If you can’t set your ego aside to ask the hard questions, and exercise discipline to listen to what your users are asking for, you are going to have trouble. Be humble enough to know when you might not have the answer.

 

Chloe Alpert is the CEO and co-founder of Medinas Health, whose mission is to help reduce a portion of the $765bn in yearly US health care waste through its trusted pre-owned medical equipment marketplace and digital asset management software. In 2019, Chloe won the $1 million grand prize at the Global Creator Awards Finals and in 2018 she won the $360k grand prize at the Regional San Francisco Creator Awards. Chloe also won the 2017 $500k Forbes Under 30 Global Change The World Competition. In addition to Medinas, Chloe also founded Happy Pay, a financial consumer promotions company that enables businesses to acquire customers through turnkey monetary competitions and creative campaigns and notably offers a record £25M jackpot. Chloe also founded and owns Savon Body, an online soap company.

Where did the idea for Medinas Health come from?

In 2015, my grandmother was diagnosed with terminal brain cancer. I spent many months in and out of hospitals, and while there I noticed how often wasted medical supplies appeared on bills. I saw rooms full of unused equipment. The year after that, I met someone who started a medical nonprofit that took millions of dollars in surplus, unused medical supplies from hospitals and donated it overseas for use in clinics. Together, they painted a picture of a health care industry with massive supply chain inefficiencies.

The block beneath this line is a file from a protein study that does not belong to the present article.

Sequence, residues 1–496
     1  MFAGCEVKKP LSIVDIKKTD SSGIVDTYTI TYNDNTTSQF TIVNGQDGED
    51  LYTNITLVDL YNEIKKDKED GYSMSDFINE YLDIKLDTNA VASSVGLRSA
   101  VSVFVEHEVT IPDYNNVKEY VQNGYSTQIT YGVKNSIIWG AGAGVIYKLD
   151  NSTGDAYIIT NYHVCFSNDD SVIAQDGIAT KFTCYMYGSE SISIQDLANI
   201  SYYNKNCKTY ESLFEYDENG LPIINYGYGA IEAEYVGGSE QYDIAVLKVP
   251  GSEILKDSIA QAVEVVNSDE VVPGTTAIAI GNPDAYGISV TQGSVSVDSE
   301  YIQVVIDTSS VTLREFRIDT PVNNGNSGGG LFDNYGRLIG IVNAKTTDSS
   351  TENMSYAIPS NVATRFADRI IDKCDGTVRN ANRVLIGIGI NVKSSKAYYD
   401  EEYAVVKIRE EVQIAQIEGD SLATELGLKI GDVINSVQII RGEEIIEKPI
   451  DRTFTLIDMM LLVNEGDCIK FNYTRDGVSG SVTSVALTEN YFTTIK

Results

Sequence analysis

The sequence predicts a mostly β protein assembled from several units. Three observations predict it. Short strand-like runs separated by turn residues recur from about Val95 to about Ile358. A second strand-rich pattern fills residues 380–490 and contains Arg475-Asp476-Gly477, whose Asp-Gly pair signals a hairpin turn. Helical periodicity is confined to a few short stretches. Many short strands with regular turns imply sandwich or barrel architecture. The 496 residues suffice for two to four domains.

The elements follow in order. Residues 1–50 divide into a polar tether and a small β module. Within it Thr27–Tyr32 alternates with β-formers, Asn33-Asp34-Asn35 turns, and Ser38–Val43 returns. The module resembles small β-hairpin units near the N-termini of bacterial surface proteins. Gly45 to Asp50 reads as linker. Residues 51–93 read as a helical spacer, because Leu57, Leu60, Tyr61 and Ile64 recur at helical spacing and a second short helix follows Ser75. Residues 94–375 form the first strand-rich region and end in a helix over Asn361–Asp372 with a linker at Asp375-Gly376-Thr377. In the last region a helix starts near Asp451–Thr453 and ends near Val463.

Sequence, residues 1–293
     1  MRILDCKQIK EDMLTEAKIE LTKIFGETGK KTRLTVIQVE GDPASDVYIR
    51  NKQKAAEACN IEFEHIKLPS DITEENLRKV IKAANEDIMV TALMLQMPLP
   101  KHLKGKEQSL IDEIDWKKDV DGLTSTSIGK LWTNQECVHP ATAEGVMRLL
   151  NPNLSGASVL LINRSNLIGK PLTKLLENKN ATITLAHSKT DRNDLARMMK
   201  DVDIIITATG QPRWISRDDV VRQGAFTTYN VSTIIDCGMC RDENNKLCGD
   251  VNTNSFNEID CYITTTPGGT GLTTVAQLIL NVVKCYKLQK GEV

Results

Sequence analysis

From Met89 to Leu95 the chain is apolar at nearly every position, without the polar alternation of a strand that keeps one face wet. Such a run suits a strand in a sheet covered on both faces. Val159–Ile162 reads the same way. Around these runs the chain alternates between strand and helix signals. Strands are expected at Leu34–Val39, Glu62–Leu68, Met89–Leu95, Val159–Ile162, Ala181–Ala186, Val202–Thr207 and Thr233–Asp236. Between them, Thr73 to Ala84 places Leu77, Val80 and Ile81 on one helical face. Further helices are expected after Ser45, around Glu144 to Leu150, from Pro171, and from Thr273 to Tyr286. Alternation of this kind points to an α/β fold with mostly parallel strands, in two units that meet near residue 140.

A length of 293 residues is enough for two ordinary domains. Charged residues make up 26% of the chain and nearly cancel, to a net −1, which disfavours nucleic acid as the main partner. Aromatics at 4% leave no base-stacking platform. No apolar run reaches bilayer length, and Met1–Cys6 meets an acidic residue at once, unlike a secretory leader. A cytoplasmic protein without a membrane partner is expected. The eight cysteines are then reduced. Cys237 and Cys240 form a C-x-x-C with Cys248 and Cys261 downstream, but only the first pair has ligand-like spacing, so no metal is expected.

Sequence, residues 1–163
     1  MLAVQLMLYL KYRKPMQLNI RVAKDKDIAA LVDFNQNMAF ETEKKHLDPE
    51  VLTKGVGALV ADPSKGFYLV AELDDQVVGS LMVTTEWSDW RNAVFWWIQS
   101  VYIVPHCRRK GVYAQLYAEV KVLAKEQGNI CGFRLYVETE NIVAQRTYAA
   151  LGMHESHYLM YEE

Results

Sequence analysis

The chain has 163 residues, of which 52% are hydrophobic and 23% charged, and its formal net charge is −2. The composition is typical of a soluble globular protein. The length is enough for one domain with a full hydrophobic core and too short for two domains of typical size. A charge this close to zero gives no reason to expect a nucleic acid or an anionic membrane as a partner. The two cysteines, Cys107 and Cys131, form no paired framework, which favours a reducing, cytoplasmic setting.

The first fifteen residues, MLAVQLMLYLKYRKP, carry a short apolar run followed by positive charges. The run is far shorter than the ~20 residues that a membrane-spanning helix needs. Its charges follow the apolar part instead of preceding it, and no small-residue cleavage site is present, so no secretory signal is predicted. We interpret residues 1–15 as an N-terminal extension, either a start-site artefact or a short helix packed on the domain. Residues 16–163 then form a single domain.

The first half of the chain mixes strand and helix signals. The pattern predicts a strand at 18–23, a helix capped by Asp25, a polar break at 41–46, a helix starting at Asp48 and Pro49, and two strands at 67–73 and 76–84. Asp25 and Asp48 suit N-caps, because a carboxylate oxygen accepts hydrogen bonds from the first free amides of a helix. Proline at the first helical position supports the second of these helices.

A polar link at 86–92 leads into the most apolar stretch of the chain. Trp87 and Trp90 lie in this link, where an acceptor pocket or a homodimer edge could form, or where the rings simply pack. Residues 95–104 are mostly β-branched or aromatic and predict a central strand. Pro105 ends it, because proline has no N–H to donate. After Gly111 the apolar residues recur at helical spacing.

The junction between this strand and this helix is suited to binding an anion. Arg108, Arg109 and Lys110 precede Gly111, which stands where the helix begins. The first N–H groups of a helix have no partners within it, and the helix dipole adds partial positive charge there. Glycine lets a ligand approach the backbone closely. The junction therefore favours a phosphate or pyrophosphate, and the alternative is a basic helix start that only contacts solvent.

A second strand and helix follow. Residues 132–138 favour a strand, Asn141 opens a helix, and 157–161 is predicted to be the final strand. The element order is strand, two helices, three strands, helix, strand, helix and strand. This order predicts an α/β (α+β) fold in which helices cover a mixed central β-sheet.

After a year of researching hospital operations and the secondary markets for medical equipment, I concluded that a technology-driven solution aimed at streamlining the health care supply chain was sorely needed. Medinas is that solution. Our software replaces a bloated tangle of confusing, expensive legacy products. We allow hospital personnel to easily manage their assets, figure out their worth, and remarket or redeploy unneeded assets with one intuitive software product.

By helping hospitals and hospital systems know what assets they have, what those assets are worth, and whether those assets are still needed onsite, Medinas helps ensure hospitals only spend money on equipment and supplies they actually need. That knowledge and transparency saves our hospital partners millions, which in turn helps reduce healthcare costs.

What does your typical day look like and how do you make it productive?

The challenge of being a startup CEO is that there is no typical day. You wear a million different hats, and are constantly being pulled in tons of different directions. In any given day, I might find myself working on product management, finance, investor relations, marketing, sales support, or any of another ten projects that all have to happen immediately. As you can imagine, the dynamic nature of the role can make it very difficult to plan and optimize productivity.

My solution, imperfect as it may be, is to get up early and spend a couple of hours working before the rest of the team arrives. Being on the west coast, it lets me keep in touch with our east coast team and customers. Most importantly, though, that alone time lets me focus on the long-term strategy of the company and get much needed thinking time to make sure I’m setting the company up for success.

How do you bring ideas to life?

I get obsessive about a topic and go in and try and understand every single aspect or angle of it. For example, when I was still conceptualizing Medinas, I dove in head first by Googling medical equipment and cold calling hospitals. Once I accumulate a solid base of knowledge, I begin reaching out to people to have conversations. Talking with smart people and reading body language to see what resonates about a topic is a critical part of bringing my ideas to life. Talking to as many people as possible and figuring out what they really want and need is the quickest way I know to get a product out into the world.